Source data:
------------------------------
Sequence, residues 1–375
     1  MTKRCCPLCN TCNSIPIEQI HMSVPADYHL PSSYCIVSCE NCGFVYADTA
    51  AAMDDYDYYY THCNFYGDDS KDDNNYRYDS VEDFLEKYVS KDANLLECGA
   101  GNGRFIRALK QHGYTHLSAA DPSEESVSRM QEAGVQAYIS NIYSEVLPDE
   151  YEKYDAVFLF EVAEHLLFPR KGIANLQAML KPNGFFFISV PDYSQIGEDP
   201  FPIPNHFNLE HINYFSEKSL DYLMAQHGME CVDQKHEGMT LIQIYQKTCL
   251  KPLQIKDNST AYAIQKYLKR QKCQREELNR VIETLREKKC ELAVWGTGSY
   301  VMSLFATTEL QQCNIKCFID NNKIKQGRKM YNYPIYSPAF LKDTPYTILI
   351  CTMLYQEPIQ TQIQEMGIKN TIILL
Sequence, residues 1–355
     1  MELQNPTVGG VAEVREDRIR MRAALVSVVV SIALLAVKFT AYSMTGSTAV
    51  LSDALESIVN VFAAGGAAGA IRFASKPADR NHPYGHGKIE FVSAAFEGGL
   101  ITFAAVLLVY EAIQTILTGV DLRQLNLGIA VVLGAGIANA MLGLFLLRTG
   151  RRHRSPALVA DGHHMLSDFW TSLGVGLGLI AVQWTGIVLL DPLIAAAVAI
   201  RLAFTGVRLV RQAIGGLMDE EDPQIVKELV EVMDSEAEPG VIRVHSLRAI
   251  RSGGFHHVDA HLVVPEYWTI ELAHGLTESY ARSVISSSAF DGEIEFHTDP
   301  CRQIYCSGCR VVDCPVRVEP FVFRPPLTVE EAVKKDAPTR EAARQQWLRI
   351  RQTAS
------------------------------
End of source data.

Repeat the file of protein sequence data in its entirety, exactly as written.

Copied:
Sequence, residues 1–375
     1  MTKRCCPLCN TCNSIPIEQI HMSVPADYHL PSSYCIVSCE NCGFVYADTA
    51  AAMDDYDYYY THCNFYGDDS KDDNNYRYDS VEDFLEKYVS KDANLLECGA
   101  GNGRFIRALK QHGYTHLSAA DPSEESVSRM QEAGVQAYIS NIYSEVLPDE
   151  YEKYDAVFLF EVAEHLLFPR KGIANLQAML KPNGFFFISV PDYSQIGEDP
   201  FPIPNHFNLE HINYFSEKSL DYLMAQHGME CVDQKHEGMT LIQIYQKTCL
   251  KPLQIKDNST AYAIQKYLKR QKCQREELNR VIETLREKKC ELAVWGTGSY
   301  VMSLFATTEL QQCNIKCFID NNKIKQGRKM YNYPIYSPAF LKDTPYTILI
   351  CTMLYQEPIQ TQIQEMGIKN TIILL
Sequence, residues 1–355
     1  MELQNPTVGG VAEVREDRIR MRAALVSVVV SIALLAVKFT AYSMTGSTAV
    51  LSDALESIVN VFAAGGAAGA IRFASKPADR NHPYGHGKIE FVSAAFEGGL
   101  ITFAAVLLVY EAIQTILTGV DLRQLNLGIA VVLGAGIANA MLGLFLLRTG
   151  RRHRSPALVA DGHHMLSDFW TSLGVGLGLI AVQWTGIVLL DPLIAAAVAI
   201  RLAFTGVRLV RQAIGGLMDE EDPQIVKELV EVMDSEAEPG VIRVHSLRAI
   251  RSGGFHHVDA HLVVPEYWTI ELAHGLTESY ARSVISSSAF DGEIEFHTDP
   301  CRQIYCSGCR VVDCPVRVEP FVFRPPLTVE EAVKKDAPTR EAARQQWLRI
   351  RQTAS